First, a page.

Experimentally prepared MAX phases however contain as impurities elements not in the MAX phase formula, with oxygen and hydrogen being the most common. In this work we use first principles density functional theory calculations to investigate the effects of these impurities on the MAX phases elastic properties. Elastic properties are of interest for MAX phases as they underpin macroscopic properties such as lubrication, friction, and machinability, which are important for structural applications. We calculate the elastic constants of MAX phases with an increasing impurity content, taking into account the effect of the location of the impurities in the MAX phase lattice. We also investigate the mobility of these impurities within the MAX phase structure.

9:20 AM D3-2-5 Mechanical Deformation Properties of Ti2AlC MAX Phase Thin Films with High Oxygen Content
A. Mockute, P. Persson, F. Giuliani, L. Hultman (Linköping University, Sweden); M.M.M. Bilek (University of Sydney, Australia); J. Rosén (Linköping University, Sweden)
High current pulsed cathodic arc has been used for synthesis of Ti2AlC MAX phase thin films. The films were deposited at 700, 800, and 900°C, and were characterised with respect to composition, structure, and mechanical properties, by means of ERDA, XRD, FIB, TEM, and nanoindentation. Deformation mechanisms in the material were also investigated. A high oxygen incorporation of 7-12 at.% was detected in all the films, likely originating from residual gas and the Al2O3 substrate. The highest growth temperature resulted in 0001-oriented single-crystal material. Resulting elastic modulus and hardness of 259 GPa and 16 GPa, respectively, was determined by nanoindentation using a Berkovich tip. Analysis of loading-unloading curves and scanning probe microscopy images revealed no relation between pop-in events and presence of pile-ups around the residual imprints. This implies that Ti2AlC MAX phase deformed without kinking and delamination, as opposed to observations in related oxygen-free single-crystal Ti3SiC2 (0001) thin films. This is also corroborated by cross-sectional TEM investigation of an indent. Reasons for the different deformation mechanisms observed are discussed, together with the effect of impurity incorporation on the MAX phase material properties.
9:40 AM D3-2-6 The Effects of Surface Structure, Incident Ion Energy, and Impurity Incorporation on MAX Phase Nucleation and Growth
M.D. Tucker, M.C. Guenette, P.O.Å. Persson, J. Rosén, M.M.M. Bilek, D.R. McKenzie (University of Sydney, Australia)

The MAX phase materials are a class of nanolaminated three-element compounds that have been found to possess an unusual combination of ceramic and metallic material properties. Currently, the mechanisms involved in the growth of these materials as thin films are not well understood. An interlayer between the substrate and the MAX phase film is commonly used to promote oriented growth. However, several reports have been published of successful MAX phase growth without the use of an interlayer. The orientation of the substrate has also been found to be of critical importance, both for nucleating MAX phase growth, and in affecting its orientation.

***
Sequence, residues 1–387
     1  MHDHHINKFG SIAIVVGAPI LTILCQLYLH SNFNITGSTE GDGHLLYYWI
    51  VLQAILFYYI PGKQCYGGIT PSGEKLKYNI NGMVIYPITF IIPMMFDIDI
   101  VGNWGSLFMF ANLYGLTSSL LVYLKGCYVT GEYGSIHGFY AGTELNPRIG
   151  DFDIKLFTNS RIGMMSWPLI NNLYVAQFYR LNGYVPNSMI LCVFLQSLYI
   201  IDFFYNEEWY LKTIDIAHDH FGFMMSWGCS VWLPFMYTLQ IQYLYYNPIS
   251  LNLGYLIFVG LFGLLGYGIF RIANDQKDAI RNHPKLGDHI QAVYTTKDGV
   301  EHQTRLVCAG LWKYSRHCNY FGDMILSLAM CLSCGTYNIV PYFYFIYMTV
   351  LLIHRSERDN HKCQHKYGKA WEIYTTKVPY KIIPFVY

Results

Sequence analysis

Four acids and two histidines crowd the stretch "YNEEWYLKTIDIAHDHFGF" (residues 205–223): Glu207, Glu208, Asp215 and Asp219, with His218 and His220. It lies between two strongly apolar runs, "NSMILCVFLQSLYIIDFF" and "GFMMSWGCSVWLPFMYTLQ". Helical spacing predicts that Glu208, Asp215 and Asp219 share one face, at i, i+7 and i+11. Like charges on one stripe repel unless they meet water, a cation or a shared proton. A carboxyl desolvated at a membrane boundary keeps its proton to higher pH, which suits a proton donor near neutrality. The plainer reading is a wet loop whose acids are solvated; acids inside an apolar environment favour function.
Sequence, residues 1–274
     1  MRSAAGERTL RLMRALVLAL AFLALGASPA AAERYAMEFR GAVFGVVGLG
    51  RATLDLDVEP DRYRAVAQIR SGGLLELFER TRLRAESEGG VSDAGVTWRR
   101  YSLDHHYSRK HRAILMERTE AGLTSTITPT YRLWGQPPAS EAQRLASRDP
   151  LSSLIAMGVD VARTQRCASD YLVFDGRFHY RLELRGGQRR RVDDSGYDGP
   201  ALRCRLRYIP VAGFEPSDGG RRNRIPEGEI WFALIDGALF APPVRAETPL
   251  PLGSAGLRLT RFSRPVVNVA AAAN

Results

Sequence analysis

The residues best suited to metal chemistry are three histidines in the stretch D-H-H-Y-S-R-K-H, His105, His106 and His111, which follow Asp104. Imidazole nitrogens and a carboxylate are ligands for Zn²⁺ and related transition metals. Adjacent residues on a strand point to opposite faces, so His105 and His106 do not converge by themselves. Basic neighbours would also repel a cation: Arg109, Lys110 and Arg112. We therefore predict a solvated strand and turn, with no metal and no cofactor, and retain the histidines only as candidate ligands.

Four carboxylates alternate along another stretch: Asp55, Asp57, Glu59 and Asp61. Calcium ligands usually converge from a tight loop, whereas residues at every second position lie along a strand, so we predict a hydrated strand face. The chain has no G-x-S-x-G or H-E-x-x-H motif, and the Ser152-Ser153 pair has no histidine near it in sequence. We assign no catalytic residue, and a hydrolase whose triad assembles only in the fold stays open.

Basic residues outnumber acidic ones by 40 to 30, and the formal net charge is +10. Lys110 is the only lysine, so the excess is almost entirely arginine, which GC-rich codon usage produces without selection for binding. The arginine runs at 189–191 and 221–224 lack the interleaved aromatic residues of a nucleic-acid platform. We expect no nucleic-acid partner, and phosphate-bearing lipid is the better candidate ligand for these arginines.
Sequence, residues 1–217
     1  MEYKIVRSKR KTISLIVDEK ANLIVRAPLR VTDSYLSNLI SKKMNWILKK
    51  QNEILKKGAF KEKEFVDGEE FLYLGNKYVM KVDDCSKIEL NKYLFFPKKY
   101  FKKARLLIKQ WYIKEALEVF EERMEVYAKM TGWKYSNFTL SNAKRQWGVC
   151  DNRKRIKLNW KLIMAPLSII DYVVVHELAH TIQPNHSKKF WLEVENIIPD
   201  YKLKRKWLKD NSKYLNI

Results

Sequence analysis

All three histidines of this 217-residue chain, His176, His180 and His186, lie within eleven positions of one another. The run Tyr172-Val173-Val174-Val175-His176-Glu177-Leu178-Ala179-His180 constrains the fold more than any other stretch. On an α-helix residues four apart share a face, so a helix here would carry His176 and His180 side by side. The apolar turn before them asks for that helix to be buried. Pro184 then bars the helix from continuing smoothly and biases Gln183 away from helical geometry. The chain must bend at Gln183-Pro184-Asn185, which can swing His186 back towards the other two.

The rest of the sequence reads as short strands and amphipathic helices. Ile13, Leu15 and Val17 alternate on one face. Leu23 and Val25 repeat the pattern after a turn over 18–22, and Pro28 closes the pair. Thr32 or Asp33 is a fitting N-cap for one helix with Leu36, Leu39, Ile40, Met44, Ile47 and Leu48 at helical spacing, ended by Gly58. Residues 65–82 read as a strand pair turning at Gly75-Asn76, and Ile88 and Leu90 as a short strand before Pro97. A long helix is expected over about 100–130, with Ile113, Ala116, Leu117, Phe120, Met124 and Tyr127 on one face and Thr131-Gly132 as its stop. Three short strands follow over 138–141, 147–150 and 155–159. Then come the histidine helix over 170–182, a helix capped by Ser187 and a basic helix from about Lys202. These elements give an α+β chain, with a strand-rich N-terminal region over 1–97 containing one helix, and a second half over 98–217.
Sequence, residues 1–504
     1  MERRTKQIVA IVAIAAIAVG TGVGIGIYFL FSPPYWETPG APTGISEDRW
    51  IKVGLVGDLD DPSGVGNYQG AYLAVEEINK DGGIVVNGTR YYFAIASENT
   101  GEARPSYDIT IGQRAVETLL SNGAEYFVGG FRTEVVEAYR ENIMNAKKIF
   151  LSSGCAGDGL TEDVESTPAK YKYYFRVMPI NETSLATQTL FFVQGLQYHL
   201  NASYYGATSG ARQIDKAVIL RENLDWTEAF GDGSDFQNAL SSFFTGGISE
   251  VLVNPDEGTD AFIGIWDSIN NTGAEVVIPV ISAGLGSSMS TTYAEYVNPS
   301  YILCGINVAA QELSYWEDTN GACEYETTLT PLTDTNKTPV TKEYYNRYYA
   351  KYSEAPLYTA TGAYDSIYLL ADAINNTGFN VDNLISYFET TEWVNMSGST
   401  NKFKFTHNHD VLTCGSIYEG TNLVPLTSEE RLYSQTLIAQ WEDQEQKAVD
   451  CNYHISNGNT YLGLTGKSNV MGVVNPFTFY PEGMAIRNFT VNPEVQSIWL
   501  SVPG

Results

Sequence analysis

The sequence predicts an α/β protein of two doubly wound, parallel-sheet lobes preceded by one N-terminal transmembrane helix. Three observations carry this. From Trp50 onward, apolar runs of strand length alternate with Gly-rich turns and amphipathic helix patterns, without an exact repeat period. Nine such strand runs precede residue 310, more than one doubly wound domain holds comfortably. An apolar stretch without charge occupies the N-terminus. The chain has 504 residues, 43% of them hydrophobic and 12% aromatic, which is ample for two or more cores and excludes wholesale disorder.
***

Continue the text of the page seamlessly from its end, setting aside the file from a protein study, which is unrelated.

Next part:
We present a systematic investigation of the substrate influence on the growth of MAX phases in our pulsed cathodic arc deposition system. X-ray diffraction has been used to determine phases present and their orientation, and cross-sectional transmission electron microscopy has been used to give further information on the film growth modes and the resulting film microstructure. Deposition by pulsed cathodic vacuum arc has the advantage that the arc plasma is entirely ionized, allowing the energy of the deposited species at the substrate to be controlled through the manipulation of the substrate bias. We have used this capability to investigate the relationship between the energy of the incident ions and the minimum temperature at which the MAX structure nucleates.

Our previous work has shown that the Ti2AlC MAX phase structure is capable of accommodating substantial oxygen impurities. We have used X-ray absorption near edge spectrosopy (XANES) to examine oxygen bonding in order to positively identify the impurity locations within the MAX structure, and here we present results from this investigation.

10:00 AM D3-2-7 Microstructural Modifications of TiX(X=C or N)/TiAl Multilayers During Thermal Annealing and Ion-Irradiation
T. Cabioch, M. Bugnet, M. Jaouen (University of Poitiers, France)

TiX(X=C or N)/TiAl multilayers of various modulation wavelengths were deposited at room temperature onto Si(100) substrates or Al2O3(001) either by Ion Beam Assisted Deposition or Magnetron sputtering. The microstructural modifications induced by thermal annealing under vacuum (600-900°C) as well as those induced by ion-irradiation were studied by the use of several characterization techniques (X-Ray diffraction (XRD), High Resolution Transmission Electron Microscopy (HRTEM), Energy Filtered Transmission Electron Microscopy imaging and X-Ray Photoelectron Spectroscopy (XPS) experiments).

In the case of TiN/TiAl multilayers the formation of a MAX Phase was achieved during the thermal annealing so that a (Ti,Al)N/Ti 2AlN multilayer structure was obtained (Whereas only (Ti,Al)C was obtained for the TiC/TiAl system). XRD and HRTEM characterization of the irradiated samples revealed the very strong resistance under ion-irradiation of TiX (X=C or N) but also of the MAX Phase Ti2AlN.

Time Period ThM Sessions | Abstract Timeline | Topic D Sessions | Time Periods | Topics | ICMCTF2009 Schedule